Few things are more mysterious—or dreaded—than getting your period for the first time. It’s natural to have lots of questions: When will it happen? How much blood will there be? How long will it last?
Here are the answers to some of the most common questions about menstruation.
What is menstruation?
Menstruation is the shedding of the uterine lining, which occurs when a pregnancy does not take place. Every month, the uterus thickens in preparation for a fertilized egg. If no egg is fertilized, the thickened lining is shed and menstruation (or your period) begins.
What are the signs that you’re getting your period?
The most common sign that your period is about to start is a change in your vaginal discharge. Just before your period starts, you may notice that your vaginal discharge is thinner and lighter in color than it is at other times of the month. Some girls also have cramps just before their period starts.
How long does a period last?
Most periods last from 2 to 7 days. The average is about 5 days.
What are menstrual cramps?
Menstrual cramps are abdominal pain that can occur before or during your period. They’re caused by your uterus contracting to help shed the uterine lining. Menstrual cramps are usually not severe and go away after a day or two.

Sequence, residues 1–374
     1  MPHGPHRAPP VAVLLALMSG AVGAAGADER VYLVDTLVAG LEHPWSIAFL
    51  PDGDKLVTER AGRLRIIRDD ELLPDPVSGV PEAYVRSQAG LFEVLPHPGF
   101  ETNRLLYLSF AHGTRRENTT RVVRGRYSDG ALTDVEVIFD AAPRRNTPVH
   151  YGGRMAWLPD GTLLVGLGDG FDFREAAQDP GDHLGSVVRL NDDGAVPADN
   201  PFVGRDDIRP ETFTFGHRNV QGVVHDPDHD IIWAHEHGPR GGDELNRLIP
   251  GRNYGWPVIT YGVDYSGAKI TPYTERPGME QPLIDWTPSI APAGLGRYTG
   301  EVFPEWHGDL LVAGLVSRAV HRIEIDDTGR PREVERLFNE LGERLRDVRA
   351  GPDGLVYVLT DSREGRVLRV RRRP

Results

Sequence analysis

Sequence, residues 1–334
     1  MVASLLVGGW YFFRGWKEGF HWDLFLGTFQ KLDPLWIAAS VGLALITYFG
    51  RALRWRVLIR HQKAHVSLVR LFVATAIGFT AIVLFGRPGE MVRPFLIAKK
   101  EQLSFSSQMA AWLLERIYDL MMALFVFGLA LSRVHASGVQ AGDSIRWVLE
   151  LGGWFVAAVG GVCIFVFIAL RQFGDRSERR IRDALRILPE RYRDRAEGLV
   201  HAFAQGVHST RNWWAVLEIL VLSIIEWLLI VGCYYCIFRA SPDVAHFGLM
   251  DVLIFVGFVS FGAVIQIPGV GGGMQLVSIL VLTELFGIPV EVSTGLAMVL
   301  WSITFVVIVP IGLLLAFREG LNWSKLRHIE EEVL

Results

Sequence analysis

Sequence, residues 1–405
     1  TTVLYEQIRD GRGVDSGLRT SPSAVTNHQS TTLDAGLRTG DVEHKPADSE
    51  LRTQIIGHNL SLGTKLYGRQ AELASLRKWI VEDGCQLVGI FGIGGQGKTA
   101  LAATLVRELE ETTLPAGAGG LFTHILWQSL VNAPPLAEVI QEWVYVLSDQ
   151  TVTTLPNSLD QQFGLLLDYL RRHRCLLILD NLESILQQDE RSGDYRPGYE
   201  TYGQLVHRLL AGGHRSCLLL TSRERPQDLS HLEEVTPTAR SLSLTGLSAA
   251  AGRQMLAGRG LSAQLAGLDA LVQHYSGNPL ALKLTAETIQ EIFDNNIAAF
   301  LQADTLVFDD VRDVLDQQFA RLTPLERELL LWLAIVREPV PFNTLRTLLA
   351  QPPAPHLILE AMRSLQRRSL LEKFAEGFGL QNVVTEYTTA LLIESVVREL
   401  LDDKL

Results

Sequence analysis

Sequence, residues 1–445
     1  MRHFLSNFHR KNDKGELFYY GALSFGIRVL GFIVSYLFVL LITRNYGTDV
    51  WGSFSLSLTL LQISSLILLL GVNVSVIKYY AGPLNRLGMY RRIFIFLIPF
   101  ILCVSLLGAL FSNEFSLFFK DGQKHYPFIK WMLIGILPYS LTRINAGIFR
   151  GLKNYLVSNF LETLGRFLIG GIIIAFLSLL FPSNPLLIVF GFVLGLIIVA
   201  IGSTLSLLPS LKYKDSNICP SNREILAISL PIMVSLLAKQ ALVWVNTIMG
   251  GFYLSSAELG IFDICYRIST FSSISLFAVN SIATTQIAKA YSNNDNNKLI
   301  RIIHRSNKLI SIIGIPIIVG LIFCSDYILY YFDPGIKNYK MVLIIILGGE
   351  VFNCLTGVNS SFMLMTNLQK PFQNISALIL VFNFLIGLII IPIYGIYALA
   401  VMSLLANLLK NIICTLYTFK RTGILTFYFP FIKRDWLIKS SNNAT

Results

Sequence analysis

What is PMS?
Premenstrual syndrome (PMS) is a group of symptoms that some girls experience a week or two before their period starts. The symptoms, which can include mood swings, irritability, depression, bloating, and Breast tenderness, typically go away once your period begins.
How can you make your period more comfortable?
There are a few things you can do to make your period more comfortable:
- Use a heating pad or hot water bottle on your abdomen or lower back to ease cramps.
- Place a clean, dry towel between your legs when you stand up to help absorb blood.
- Try taking a hot bath.
- Exercise can help relieve cramps.
- Over-the-counter pain relievers like ibuprofen (Advil, Motrin) can also help relieve cramps.
When should you see a doctor about your period?
You should see a doctor if you’re having period symptoms that are causing problems with your everyday activities or if you have any concerns about your period. Some girls also see a doctor if their periods are very painful or very heavy.
Periods are a natural and necessary part of a woman’s life, but that doesn’t mean they’re always comfortable. By understanding more about your period, you can make it through these few days each month with minimal discomfort.